The Life Doctor

LIFE WOULD be a lot more pleasant if we didn't have to live it in such chronological order. It's so unkind. You start off with all that flexibility, elasticity, energy, brain speed and voracious metabolism and just when you start to realise how good it was, it disappears into the halcyon mist that was your youth.

Do I sound gloomy? Maybe it is because I have reached one of the pointers on life's ageing map: the late twenties crisis. An ageing pointer is that moment when, after years of looking blithely in the mirror, you catch a sudden objective glimpse of yourself and notice change. The first such age shock often happens at 23, when the mirror says, "God, I'm not 18 any more." As you get older the mirror asserts itself more and more often.

The next marker is late twenties angst, when physical changes are compounded by a sense of worry about what hasn't happened in your life. "I'm nearly 30 and I am no more sorted out than I was at 22," says Ruth, 29. "I think I would be more stoic if I weren't single. But I noticed my first cellulite three months ago, something I prided myself on not having."

The challenge is to look better than your contemporaries. Ruth should actually feel pleased that cellulite left her alone for that long. Most of us have some cellulite by 25. It is very useful to know what's normal in the ageing process. You might just find you have been over-critical of yourself.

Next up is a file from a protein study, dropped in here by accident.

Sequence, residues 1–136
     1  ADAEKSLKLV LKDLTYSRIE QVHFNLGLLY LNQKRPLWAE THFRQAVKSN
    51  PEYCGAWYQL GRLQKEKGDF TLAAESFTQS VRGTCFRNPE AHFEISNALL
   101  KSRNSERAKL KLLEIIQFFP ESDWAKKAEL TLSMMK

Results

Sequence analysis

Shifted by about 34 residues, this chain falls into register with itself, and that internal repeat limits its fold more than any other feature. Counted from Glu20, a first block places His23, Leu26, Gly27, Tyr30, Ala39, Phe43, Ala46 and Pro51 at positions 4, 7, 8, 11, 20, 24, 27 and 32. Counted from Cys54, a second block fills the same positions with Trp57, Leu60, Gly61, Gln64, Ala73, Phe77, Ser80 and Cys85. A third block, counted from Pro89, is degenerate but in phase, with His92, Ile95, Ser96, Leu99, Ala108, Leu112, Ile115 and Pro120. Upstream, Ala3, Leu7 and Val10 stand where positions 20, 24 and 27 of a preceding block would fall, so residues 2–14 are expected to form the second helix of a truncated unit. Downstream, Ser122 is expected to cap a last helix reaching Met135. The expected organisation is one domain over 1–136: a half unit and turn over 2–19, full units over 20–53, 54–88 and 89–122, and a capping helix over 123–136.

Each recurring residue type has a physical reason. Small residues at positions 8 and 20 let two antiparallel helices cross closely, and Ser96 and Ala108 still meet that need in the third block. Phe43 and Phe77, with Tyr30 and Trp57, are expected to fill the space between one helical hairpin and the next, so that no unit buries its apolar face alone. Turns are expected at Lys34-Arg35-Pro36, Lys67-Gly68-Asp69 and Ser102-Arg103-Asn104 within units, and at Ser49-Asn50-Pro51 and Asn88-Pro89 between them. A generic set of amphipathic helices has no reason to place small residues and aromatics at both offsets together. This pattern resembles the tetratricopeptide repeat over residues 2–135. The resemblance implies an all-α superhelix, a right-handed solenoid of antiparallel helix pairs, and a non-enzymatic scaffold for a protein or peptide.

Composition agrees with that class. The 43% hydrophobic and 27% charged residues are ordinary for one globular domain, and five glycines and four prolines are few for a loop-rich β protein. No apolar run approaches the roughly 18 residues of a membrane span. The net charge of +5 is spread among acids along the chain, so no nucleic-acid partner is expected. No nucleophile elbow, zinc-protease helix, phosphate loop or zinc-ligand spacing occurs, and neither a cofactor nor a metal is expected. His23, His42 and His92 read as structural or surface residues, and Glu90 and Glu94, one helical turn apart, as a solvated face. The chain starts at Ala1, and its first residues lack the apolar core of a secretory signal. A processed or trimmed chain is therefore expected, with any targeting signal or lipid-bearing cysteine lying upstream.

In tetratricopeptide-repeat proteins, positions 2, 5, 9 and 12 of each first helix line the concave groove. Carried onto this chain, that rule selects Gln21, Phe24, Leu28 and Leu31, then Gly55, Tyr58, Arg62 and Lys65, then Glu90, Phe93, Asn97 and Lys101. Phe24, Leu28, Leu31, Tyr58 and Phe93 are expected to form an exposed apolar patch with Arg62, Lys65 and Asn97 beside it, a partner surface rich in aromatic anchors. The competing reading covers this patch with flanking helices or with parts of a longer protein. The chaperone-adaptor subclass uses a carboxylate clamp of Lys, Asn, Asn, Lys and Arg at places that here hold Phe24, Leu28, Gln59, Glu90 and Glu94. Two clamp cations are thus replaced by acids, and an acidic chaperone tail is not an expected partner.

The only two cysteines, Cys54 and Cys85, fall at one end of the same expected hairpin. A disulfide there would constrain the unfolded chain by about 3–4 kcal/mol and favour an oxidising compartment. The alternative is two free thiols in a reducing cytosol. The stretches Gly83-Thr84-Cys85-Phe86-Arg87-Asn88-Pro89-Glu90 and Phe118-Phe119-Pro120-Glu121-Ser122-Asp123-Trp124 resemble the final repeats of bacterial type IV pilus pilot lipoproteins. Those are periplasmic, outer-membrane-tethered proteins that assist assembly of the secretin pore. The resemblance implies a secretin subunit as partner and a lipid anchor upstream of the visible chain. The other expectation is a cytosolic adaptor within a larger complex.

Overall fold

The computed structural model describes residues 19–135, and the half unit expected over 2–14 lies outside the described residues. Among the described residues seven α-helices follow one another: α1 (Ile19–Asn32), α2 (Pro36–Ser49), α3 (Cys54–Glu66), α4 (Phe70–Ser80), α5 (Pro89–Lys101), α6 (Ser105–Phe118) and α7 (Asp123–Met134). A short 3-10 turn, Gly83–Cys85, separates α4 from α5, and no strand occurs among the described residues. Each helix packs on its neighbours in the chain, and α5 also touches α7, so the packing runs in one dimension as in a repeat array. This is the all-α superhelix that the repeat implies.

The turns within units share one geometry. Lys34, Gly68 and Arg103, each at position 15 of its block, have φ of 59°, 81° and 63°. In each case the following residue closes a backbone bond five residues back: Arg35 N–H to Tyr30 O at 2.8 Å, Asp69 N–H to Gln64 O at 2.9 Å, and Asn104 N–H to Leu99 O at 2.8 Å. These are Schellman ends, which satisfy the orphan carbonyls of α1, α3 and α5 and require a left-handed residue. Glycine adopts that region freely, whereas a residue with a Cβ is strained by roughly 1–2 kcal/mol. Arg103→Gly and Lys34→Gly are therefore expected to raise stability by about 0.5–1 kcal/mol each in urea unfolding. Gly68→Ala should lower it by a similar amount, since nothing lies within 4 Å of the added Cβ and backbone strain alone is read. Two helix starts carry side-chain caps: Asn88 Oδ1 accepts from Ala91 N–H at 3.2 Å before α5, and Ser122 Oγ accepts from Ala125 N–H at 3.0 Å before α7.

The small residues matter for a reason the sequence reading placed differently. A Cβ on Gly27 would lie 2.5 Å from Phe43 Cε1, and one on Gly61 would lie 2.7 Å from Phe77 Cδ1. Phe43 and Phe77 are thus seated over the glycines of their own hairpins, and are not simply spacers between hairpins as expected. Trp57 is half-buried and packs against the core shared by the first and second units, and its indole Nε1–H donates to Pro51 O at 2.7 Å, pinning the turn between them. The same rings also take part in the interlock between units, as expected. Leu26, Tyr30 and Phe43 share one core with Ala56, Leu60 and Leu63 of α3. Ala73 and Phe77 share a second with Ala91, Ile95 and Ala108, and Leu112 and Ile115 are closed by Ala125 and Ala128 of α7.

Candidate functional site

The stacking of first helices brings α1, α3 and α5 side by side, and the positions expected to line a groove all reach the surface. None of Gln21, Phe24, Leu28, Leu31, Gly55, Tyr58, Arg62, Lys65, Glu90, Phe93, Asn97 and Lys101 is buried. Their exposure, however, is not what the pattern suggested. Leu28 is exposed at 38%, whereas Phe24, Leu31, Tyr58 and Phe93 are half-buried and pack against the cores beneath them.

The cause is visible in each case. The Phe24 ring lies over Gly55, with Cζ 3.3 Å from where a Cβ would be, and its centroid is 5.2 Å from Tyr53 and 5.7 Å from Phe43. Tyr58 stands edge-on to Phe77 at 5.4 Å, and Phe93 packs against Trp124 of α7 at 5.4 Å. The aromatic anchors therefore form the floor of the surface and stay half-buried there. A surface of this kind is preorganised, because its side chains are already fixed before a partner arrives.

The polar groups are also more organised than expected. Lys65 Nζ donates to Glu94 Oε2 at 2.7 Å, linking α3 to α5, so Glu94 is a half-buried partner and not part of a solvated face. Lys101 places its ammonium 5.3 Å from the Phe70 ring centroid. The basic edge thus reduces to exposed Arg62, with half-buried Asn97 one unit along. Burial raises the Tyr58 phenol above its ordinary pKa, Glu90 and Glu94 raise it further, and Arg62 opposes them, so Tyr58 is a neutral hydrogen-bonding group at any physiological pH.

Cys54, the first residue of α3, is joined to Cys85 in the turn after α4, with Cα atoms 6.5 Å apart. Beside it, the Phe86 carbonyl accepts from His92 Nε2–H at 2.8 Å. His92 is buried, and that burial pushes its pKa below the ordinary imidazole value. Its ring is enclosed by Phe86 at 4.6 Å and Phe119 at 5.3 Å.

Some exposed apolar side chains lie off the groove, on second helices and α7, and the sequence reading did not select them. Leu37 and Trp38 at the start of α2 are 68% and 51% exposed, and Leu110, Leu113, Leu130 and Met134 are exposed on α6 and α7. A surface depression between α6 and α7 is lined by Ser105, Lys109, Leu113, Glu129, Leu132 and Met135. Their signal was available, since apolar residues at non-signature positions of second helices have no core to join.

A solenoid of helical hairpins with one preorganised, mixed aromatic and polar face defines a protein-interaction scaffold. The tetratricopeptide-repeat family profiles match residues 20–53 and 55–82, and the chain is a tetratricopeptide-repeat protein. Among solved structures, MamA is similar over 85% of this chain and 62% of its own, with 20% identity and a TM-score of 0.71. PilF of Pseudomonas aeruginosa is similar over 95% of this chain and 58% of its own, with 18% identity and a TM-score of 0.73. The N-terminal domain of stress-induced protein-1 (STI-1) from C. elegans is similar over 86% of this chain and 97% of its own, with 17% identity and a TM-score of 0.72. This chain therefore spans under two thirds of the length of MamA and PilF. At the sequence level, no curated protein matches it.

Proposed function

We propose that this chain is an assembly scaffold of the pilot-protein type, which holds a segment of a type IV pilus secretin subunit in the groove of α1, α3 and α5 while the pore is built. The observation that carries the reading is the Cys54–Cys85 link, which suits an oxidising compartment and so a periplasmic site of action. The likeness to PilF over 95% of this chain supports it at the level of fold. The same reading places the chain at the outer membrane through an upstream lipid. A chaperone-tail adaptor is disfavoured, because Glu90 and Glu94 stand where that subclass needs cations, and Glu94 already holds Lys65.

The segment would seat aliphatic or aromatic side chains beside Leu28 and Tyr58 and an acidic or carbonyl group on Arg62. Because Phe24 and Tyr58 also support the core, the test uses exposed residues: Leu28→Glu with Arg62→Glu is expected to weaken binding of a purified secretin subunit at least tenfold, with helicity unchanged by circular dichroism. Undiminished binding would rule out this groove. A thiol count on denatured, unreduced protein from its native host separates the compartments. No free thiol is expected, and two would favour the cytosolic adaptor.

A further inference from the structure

1) Wrinkles

Surgeon Maurizio Viel who, with his twin brother, Roberto, owns the London Centre for Aesthetic Surgery in Harley Street, says fine lines start appearing from 25. "At this stage they can be covered by good make-up. By 29 the fat on your face is beginning to redistribute." Don't con yourself that your cheek bones are more pronounced - everything is beginning to slump downwards.

Some doctors say a wrinkled skin isn't inevitable genetically until our sixties. Environmental factors are more important before that. Sun damage causes up to 90 per cent of visible skin damage. And smoking speeds up the wrinkling process by up to ten years.

Abusing your skin won't show much in your twenties. But soon, says Viel, you can tell the water drinkers from the sun-soaking chain smokers. "By 35 there can be as much as 10 years' difference just from different lifestyles."

2) Fitness

30 is a milestone for athletic performance, when the body loses the edge of its speed. Fortunately, since most of us fail to reach our speed peak anyway, this loss passes unnoticed. Mid-thirties is a crucial time for cardio-vascular fitness. It starts in earnest now and will drop by up to 40 per cent by 65.

3) Grey Hair

34 is the average age that a white person starts developing grey hair. Black people typically start about ten years later. By 50, 50 per cent of people are 50 per cent grey. So if you're 40 and grey-free start feeling smug.

4) Mental Performance

"From the age of 35 short term memory is not as good as it was," says Ronald Klatz, President of the American Academy of Anti-Ageing Medicine in Chicago. "Our mental lists fail, we can't hold as many phone numbers in our heads." But surely after 35 the brain is better in other ways? "Not really," says Dr Klatz, "just more cunning at hiding its inefficiencies."